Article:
What can we learn from a debate that—to be honest—sucked?

Bernie Scolaro is a retired school counselor, a past president of the Sioux City Education Association, and former Sioux City school board member.

My father is 95 years old, but you would never guess his age by watching him or talking to him. Unlike President Joe Biden. He shows his age, and like all presidents, has been aged by the job.

In the president’s recent CNN debate against Donald Trump, Biden shuffled to the stage like the elderly man he is. He often stumbled for a loss of words as he tried to recall accurate, real facts and statistics. 

I could relate; in school, having to memorize dates in history or speeches for English class, it wasn’t easy. Words did not always flow—and I wasn’t on national TV at the time. I wasn’t 81 years old. I didn’t have a lifelong stutter. I wasn’t debating for the soul of democracy. And I wasn’t debating against someone who doesn’t know how to engage in civil discourse.

Yes, Biden gazed a lot into the distance as he listened to his opponent speak. Perhaps as we all did as we listened to repetitive lies spouting out of Trump’s mouth like a broken water fountain. 

Trump does not need to memorize or review information of his presidency, or presidencies past or present, because facts are irrelevant when he debates. He outright lies, and either embellishes numbers (like millions, tens of thousands) or throws out numbers he cannot back up. He just claims everything he did is the “biggest, the best, the largest” while any opponent is always the “worst.” He doesn’t even try to regurgitate information; he just spews his “pet” phrases or lines to his base like he was Pavlov feeding his salivating dog.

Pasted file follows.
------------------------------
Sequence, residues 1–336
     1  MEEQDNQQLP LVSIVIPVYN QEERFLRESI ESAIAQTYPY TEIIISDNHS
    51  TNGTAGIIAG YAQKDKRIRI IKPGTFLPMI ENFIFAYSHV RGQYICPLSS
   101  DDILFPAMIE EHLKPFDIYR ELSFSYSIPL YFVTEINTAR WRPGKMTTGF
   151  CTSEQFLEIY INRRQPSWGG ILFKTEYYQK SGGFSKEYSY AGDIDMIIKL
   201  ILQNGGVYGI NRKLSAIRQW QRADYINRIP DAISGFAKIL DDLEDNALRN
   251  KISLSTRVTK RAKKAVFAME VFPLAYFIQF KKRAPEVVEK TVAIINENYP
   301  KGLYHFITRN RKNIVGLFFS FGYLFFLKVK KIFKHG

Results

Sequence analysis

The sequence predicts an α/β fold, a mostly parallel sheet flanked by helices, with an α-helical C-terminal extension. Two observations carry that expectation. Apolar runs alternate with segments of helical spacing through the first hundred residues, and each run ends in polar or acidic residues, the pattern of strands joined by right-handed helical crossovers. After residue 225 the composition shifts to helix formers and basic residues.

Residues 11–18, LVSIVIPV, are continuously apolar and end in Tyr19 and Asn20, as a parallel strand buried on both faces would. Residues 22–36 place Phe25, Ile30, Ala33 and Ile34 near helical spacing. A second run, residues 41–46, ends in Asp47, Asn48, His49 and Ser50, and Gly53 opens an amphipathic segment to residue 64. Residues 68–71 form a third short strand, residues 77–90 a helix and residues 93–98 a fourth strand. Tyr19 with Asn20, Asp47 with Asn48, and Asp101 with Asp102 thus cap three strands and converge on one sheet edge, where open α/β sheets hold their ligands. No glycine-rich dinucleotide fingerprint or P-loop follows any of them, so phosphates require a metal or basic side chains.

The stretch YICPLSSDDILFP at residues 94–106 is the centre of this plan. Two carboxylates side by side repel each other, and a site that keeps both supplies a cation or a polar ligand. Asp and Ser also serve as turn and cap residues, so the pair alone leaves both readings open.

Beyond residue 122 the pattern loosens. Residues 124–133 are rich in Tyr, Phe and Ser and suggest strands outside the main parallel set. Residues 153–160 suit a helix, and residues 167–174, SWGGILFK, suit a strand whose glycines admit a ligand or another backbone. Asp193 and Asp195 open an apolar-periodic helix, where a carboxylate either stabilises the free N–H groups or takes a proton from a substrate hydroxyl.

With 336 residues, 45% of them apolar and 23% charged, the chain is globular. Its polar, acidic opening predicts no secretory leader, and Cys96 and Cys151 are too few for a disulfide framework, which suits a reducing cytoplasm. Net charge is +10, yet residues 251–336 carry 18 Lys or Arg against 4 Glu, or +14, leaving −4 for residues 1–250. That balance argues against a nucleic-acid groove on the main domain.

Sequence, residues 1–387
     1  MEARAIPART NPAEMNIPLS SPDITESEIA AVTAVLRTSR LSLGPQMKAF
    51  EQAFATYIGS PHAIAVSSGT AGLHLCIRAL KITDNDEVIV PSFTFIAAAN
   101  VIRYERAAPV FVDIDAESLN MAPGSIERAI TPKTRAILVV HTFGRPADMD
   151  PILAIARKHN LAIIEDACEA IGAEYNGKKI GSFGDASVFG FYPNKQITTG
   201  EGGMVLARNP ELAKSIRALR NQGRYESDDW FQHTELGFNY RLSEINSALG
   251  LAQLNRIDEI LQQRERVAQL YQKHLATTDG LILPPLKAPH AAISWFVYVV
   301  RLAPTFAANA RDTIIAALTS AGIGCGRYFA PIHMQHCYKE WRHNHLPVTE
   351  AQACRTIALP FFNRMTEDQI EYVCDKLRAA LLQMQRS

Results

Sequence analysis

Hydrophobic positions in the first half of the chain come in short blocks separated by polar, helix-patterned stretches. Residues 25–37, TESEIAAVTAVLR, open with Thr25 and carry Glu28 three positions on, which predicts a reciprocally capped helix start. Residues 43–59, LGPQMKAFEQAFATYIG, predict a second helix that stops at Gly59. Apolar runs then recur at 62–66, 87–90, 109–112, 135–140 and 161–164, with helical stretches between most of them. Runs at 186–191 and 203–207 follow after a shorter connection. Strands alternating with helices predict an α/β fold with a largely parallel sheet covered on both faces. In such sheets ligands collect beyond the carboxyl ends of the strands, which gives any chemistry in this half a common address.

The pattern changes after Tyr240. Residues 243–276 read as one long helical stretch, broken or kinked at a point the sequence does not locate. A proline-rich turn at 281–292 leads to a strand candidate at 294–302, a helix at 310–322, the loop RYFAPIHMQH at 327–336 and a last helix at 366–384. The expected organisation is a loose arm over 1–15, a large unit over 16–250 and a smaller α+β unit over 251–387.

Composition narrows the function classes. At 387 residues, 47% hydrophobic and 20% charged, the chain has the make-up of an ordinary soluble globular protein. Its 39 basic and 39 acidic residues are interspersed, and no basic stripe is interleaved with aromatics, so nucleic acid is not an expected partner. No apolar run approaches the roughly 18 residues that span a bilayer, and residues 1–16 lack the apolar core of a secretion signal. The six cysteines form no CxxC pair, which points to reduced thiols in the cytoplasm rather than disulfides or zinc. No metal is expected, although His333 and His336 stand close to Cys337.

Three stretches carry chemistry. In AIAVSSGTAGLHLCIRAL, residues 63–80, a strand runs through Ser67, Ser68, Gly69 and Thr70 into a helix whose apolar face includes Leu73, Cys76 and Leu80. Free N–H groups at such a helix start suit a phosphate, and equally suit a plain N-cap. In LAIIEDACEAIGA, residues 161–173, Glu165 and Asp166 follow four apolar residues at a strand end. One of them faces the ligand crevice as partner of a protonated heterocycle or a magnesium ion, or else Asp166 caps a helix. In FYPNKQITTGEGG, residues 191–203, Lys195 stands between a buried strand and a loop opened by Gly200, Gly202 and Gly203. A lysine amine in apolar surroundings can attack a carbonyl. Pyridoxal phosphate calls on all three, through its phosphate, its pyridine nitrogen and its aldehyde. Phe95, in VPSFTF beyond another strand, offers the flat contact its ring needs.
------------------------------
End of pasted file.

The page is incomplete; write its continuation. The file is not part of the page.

He projects his corruption onto Biden because he knows his lack of debate skills, his felony convictions, his lack of moral character doesn’t matter if he can confidently fabricate information, even when his word salad is hard to digest. He just needs to make fun of Biden and rouse a laugh for an audience devoid of knowing that he is also laughing at them for believing everything he tells them. I am just glad he spared us his “happy dance” entrance he does for his rallies.

The debate sucked for Biden. And he shouldn’t have lowered himself to repeat that Trump was the real “sucker” (which Trump once called the military). Or call Trump a child. Name-calling shouldn’t win a debate. 

Repeated lies shouldn’t win a debate. Embellished numbers and made-up numbers shouldn’t win a debate. The debate sucked for Trump too.  

We shouldn’t be debating who won the debate. No one won. In fact, debate teachers could use it as a prime example of what not to do. Besides, as teachers argue, one standardized test at a given point in time does not measure a student’s knowledge. Neither does one debate.

So, what can we learn from the debate?

For me, the debate provided one important comparison, highlighting our choice in November. Either we vote for someone who is all performance with no vision, or we vote for someone who is all substance and knowledge but lacks the “reality star power.” Personally, I will gladly vote for the elderly wise statesman who shuffles onto the world stage over the guy who would be just as fulfilled winning the mirror ball on Dancing with the Stars.

About the Author(s)

Bernie Scolaro